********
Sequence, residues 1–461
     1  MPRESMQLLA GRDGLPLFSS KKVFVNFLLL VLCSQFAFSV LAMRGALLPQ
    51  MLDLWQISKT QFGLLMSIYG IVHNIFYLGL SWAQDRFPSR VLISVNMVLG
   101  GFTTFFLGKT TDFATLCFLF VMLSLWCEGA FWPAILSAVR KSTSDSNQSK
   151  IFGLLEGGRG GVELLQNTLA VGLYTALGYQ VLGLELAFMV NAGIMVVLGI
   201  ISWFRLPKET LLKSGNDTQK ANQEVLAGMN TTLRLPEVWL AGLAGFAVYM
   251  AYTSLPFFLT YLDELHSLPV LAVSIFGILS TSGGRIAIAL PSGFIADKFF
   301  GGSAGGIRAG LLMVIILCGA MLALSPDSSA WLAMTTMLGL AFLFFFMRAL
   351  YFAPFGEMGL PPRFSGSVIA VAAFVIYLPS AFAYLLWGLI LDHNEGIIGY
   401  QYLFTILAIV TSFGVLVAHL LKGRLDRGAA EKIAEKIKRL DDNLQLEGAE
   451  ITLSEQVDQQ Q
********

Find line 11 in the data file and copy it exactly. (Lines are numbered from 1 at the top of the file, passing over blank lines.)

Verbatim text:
   451  ITLSEQVDQQ Q